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Minneapolis mayoral candidate Tom Hoch wants a 'top-to-bottom review' of the city's police department

Minneapolis mayoral candidate Tom Hoch
MinnPost photo by Peter Callaghan
Minneapolis mayoral candidate Tom Hoch: “Who’s setting the tone for the culture in the police department? We need to find that out.”

On many of the issues facing the city of Minneapolis and its police department, mayoral candidate Tom Hoch says he is taking a systematic approach. That is, he wants the opportunity to assess the police department — to see what is working and what isn’t — once he takes office.

“I’m not the mayor,” the former head of the Hennepin Theatre Trust said during an interview on policing and crime this week. “But the first thing I’ll do as mayor is a top-to-bottom review of the police department to identify where we’re doing well and where we’re not doing well. What needs to be fixed and how we’ll go about fixing it.”

But on one issue, Hoch needs no more time for study: He doesn’t think the city should amend its charter — as some council members have suggested — to give the City Council more say over the operations of the police department.

“No,” Hoch said. “There’s a pretty clear line in the sand with me on that one.”

Minneapolis has diffused power between the mayor and the council who share oversight of a city coordinator. But the mayor retains direct control over public safety once the council appoints the mayor’s nominee for police chief.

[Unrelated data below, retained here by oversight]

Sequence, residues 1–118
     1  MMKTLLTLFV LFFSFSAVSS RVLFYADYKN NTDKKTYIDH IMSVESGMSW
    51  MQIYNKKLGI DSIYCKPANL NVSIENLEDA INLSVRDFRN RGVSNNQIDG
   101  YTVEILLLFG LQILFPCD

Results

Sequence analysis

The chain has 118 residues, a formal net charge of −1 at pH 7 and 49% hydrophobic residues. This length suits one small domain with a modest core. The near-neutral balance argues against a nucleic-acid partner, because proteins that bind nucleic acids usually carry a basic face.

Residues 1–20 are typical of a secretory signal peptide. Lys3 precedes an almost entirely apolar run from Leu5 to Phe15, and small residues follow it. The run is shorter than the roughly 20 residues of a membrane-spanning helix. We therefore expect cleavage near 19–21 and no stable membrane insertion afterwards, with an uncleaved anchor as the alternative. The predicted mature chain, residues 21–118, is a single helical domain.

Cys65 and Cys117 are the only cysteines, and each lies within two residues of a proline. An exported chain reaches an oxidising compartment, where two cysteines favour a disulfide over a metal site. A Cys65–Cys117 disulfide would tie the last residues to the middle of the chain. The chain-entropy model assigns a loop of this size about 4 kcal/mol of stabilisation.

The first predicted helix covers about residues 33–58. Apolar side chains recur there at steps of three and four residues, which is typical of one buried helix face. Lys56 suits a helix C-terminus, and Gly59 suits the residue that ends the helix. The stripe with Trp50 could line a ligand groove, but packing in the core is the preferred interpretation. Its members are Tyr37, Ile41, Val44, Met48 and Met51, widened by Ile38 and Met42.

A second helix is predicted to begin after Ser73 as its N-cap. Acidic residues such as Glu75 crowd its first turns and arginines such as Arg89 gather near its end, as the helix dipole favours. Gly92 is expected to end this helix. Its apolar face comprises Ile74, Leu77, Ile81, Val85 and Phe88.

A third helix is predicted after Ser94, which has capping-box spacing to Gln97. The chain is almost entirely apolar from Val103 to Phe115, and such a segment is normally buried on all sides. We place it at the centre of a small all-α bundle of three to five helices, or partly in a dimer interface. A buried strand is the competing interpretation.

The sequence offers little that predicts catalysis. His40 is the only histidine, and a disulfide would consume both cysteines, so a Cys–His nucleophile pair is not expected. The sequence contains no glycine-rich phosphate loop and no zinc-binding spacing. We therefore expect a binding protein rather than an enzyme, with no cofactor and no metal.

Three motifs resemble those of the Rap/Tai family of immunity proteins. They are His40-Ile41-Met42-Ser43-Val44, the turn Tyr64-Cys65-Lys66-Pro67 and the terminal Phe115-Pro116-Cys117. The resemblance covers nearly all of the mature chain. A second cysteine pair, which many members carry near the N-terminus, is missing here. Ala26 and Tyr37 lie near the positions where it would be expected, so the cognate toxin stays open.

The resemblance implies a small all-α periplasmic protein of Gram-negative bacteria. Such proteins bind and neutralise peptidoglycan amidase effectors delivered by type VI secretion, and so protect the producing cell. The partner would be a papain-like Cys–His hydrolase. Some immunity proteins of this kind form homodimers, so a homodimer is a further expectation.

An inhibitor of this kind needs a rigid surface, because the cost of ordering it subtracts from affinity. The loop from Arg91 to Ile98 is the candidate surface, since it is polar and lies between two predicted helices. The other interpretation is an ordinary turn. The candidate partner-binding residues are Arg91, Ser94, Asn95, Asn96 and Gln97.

After the shooting of Justine Damond by a Minneapolis police officer, Council Member Andrew Johnson suggested the council have more say in police operations.

Hoch thinks that’s a bad idea. “We can’t have a police chief who is running a police department who is trying to chase every whim of a council member,” he said. “It’s completely inconsistent with the command structure a police department needs to have. Who’s accountable then?”

Culture problems — or a lack of supervision?

Among the things that Hoch said he would want to assess is culture — whether the MPD has a toxic culture that is immune to reform, as some have accused. “Organizations do develop cultures, that’s for sure,” he said. “Who’s setting the tone for the culture in the police department? We need to find that out.”

Wasn’t the recent audit of the police use of body-worn cameras, which showed the low usage of cameras by officers, evidence of a bias against reform? “I don’t think you can just say that’s a cultural thing,” Hock said. “It may show up as that, but that seems to be a problem with supervision and accountability.”

It could be that a patrol officer who is promoted doesn’t necessarily know how to manage and supervise, he said. “If there are policies on the beat that were never enforced, that’s the story you take with you, sort of the lore of the police department that policies are just recommendations. But if nobody has ever broken the cycle, it wouldn’t surprise me that that’s the story inside.”